Biden: Trump Tax Cuts a 'Disaster for the Middle Class’

Biden: Trump Tax Cuts a 'Disaster for the Middle Class’

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Plus - the rising tide of health care costs
Friday, December 6, 2019

Biden: Trump Tax Cuts ‘a Disaster for the Middle Class’

Joe Biden has been criticized by his fellow Democrats for insisting that as president he would be able to work with the Republican Party – the same party that rejected much of the Democratic economic agenda when Biden was vice president and has become even less cooperative under President Donald Trump.

Speaking to CNBC’s John Harwood in an interview released Friday, Biden said he thinks that although Trump is “ripping the soul out of this country,” voters and lawmakers will once again be interested in dealing with “things that they know we should be talking about” when he is gone – inspired in part by the negative impact Trump’s economic policies have had on large swaths of the electorate.

“[W]hat people have now seen is that his tax policy has been a disaster for the middle class, disaster for them, and that there is plenty of room to be able to do things that make a lot of sense,” Biden said. He added that “there’s overwhelming evidence now that the idea that the capital gains tax is promoting growth is just not the case,” and said he would raise the capital gains tax to roughly the same level as the income tax. “And you have a significant number of Republicans who aren’t multimillionaires thinking that makes a lot of sense,” he said.

Later in the interview, Biden said he had faith that voters will change their minds once they realize that Trump’s economic agenda isn’t providing the benefits it promised. “Once the carny show comes through — with the guy with the pea in the shell, three shells and there’s no pea under any shell — the second time it comes around, they figure it out,” he said.

Some of Biden's other comments on fiscal issues:

  • “I think we should have a financial transaction tax. But [in my tax plan] I focused on what I think I could get done, get done quickly and pay for everything I’m talking about. Because look, the president has increased with his profligate tax cut to the very wealthy the deficit by $1 trillion, $900 billion. It can’t be sustained. It can’t be sustained.”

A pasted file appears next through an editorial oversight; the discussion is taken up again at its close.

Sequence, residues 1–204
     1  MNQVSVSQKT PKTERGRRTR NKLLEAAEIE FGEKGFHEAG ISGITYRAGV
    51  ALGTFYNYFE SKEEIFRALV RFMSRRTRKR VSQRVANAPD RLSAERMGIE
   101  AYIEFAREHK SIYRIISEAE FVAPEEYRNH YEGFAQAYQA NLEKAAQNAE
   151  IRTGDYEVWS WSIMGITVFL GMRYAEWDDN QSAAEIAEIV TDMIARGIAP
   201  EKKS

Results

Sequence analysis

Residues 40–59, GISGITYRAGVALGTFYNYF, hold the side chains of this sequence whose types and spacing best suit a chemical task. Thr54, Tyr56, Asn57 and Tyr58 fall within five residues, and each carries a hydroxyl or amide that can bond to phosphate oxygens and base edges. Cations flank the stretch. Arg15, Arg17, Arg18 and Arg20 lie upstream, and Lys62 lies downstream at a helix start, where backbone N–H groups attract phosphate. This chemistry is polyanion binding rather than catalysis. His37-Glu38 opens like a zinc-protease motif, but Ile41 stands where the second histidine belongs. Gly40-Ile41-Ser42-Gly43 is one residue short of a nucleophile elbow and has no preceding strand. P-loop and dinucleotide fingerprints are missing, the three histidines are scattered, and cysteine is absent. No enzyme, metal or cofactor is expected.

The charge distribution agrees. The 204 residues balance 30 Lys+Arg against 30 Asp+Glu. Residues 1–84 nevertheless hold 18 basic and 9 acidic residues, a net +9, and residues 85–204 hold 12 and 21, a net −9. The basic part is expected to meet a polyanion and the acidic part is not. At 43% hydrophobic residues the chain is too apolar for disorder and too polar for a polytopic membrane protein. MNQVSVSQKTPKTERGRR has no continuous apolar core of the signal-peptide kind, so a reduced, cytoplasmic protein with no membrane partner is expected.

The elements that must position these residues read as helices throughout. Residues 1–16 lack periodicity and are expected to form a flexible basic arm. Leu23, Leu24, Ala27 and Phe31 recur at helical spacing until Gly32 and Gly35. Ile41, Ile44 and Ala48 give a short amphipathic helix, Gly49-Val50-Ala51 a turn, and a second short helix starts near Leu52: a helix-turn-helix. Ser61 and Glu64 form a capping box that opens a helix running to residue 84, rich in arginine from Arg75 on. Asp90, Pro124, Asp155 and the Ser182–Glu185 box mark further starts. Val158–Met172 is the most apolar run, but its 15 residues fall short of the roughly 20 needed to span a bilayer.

• On deficit spending: “It depends on the circumstance we find ourselves when we get elected. Look what we had to do [in 2009]. We, in order to be able to get out of the financial recession, which was the greatest recession, sort of a depression in American history, the president asked me to chair the recovery act, which had $900 billion in it, and we did it. Most even conservative economists acknowledged it probably saved us from a depression. But what we did at the same time was we were able to invest it in things that in fact grew the economy at the same time.”
  • Asked whether he still supported the balanced budget amendment he voted for in 1995, Biden said: “No, because we’re in a different place now. I hope it’s not true, but we’re likely to inherit a recession, at least a significant economic slowdown.”

Investors Eye Volatility from ‘Fiscal Dysfunction’

Reviewing its outlook for 2020, the investment team at New York fund manager Neuberger Berman recently discussed the economic risks associated with “fiscal dysfunction” – the government’s inability to create regulatory, spending and tax policies optimized for the current economic environment.

Joseph V. Amato, the firm’s chief investment officer for equities, said he’s ultimately optimistic for stocks in the coming year, but uncertainty around the presidential election and persistent fiscal dysfunction could create substantial volatility: